NUMEROUS contributions to the surgical literature have been made regarding anomalies of the extrahepatic biliary system, with emphasis on potential surgical errors during so-called routine cholecystectomy.* Certain of the variations pose at first as normal cases, since the anomalous part lies just out of the restricted range of the immediate field of operation at the neck of the gall bladder. These are understandably misleading to the operator whose practice it is to attack the first structure that appears to be a bile duct joining that which appears to be the common duct and the first blood vessel that happens to lie in the usual position of the cystic artery at the neck of the gall bladder. Thus, the true nature of a devious main biliary tract is sometimes discovered only after ligation and division of one of its essential limbs. It is the purpose of this paper to reemphasize the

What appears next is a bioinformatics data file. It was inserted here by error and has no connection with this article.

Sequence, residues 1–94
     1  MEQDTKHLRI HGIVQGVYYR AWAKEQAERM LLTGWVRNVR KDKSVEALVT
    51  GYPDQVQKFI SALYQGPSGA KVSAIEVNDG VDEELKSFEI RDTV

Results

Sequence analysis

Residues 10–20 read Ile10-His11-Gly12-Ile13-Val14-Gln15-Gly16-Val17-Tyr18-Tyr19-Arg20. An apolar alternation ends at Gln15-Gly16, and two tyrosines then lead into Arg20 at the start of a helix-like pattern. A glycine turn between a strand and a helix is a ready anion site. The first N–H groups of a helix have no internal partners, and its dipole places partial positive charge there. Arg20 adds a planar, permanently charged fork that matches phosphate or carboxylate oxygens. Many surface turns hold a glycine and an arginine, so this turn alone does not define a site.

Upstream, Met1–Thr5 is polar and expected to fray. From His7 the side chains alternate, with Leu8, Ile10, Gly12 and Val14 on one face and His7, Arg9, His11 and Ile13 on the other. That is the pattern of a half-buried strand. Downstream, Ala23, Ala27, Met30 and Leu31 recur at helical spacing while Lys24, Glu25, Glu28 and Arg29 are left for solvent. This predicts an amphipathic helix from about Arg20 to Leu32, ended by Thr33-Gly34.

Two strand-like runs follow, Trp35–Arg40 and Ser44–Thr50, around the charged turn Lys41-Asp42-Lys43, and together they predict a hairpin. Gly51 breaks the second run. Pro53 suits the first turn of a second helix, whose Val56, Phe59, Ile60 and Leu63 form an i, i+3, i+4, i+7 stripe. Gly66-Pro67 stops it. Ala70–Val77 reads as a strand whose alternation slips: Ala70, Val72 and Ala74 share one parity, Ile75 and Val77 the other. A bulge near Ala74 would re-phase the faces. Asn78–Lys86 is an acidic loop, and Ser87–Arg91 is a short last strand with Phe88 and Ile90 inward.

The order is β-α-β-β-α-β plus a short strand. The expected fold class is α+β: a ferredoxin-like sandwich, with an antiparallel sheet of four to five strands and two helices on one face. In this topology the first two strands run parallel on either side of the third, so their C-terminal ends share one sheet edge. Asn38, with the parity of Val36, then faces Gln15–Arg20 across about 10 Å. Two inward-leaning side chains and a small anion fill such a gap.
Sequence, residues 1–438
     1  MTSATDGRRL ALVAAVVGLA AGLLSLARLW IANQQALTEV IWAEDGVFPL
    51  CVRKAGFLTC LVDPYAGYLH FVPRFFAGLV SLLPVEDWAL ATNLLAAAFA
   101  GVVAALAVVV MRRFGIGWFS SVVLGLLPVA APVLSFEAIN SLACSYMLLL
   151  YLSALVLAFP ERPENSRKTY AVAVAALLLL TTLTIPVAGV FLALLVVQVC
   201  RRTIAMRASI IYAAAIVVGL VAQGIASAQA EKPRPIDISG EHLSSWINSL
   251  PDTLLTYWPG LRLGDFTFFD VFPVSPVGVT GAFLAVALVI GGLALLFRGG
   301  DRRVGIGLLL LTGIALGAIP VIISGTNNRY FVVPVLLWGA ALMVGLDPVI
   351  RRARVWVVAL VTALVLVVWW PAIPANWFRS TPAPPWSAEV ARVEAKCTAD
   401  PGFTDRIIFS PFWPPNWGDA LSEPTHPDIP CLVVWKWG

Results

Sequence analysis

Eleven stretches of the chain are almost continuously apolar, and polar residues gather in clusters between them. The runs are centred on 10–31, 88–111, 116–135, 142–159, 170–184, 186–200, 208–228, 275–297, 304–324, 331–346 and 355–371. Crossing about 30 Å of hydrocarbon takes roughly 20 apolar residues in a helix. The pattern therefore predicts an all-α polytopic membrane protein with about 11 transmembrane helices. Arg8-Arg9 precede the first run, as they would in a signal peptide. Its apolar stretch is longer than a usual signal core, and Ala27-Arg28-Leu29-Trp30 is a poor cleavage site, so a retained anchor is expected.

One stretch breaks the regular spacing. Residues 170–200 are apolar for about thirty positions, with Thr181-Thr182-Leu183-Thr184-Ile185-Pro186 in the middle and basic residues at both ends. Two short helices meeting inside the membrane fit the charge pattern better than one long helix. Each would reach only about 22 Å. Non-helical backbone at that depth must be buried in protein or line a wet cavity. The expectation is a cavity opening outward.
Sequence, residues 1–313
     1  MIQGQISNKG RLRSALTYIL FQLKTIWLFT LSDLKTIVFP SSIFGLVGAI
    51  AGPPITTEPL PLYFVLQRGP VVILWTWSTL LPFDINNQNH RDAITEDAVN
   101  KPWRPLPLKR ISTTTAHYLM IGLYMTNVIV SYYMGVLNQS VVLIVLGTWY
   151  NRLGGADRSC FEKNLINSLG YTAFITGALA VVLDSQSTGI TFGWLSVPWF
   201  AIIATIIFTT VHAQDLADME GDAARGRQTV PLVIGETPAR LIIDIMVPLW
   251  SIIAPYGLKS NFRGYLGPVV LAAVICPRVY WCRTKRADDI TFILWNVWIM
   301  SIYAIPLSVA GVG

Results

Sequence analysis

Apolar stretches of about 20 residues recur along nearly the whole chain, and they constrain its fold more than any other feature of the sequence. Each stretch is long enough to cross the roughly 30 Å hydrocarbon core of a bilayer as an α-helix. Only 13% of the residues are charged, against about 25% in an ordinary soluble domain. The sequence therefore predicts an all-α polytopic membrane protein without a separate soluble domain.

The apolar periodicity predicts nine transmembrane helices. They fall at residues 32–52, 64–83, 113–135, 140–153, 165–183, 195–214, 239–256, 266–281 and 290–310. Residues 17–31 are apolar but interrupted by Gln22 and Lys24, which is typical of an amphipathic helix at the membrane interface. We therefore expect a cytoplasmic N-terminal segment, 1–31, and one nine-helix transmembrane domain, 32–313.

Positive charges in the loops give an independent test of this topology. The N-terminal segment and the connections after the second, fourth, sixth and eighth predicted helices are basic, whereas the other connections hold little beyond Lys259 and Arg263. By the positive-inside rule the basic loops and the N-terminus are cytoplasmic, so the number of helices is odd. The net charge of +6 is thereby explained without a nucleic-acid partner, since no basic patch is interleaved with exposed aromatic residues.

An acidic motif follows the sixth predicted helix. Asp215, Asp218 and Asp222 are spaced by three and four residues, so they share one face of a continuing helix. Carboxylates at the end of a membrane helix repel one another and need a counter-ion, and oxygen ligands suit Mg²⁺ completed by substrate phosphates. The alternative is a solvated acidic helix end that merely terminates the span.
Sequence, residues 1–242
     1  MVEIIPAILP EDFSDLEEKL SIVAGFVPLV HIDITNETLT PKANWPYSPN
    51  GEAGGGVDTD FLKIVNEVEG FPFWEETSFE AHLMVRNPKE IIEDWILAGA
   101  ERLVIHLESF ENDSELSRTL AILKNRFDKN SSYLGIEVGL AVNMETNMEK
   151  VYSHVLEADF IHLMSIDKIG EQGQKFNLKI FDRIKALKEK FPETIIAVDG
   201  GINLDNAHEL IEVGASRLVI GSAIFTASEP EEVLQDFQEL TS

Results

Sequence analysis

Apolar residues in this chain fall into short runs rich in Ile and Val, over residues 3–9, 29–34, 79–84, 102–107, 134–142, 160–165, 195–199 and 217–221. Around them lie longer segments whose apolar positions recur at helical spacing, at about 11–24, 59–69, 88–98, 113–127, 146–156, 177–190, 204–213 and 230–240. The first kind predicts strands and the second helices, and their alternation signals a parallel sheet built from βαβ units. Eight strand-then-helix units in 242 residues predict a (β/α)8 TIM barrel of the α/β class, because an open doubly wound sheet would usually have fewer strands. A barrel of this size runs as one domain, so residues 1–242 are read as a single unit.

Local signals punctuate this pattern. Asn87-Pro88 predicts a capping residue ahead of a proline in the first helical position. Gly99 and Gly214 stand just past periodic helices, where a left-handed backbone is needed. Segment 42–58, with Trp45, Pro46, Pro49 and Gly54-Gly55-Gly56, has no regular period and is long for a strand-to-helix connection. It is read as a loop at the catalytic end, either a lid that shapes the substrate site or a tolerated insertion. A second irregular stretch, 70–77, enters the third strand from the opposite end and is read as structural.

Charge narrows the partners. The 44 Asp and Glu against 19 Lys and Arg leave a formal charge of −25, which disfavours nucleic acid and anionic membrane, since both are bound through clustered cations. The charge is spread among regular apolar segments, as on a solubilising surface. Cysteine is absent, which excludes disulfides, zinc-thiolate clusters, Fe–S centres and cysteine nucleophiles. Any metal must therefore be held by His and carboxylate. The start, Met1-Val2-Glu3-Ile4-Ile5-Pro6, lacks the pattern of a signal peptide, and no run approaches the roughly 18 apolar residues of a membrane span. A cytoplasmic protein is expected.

NYGREN EJ, BARNES WA. ATRESIA OF THE COMMON HEPATIC DUCT WITH SHUNT VIA AN ACCESSORY DUCT: Report of a Case. AMA Arch Surg. 1954;68(3):337–343. doi:10.1001/archsurg.1954.01260050339009
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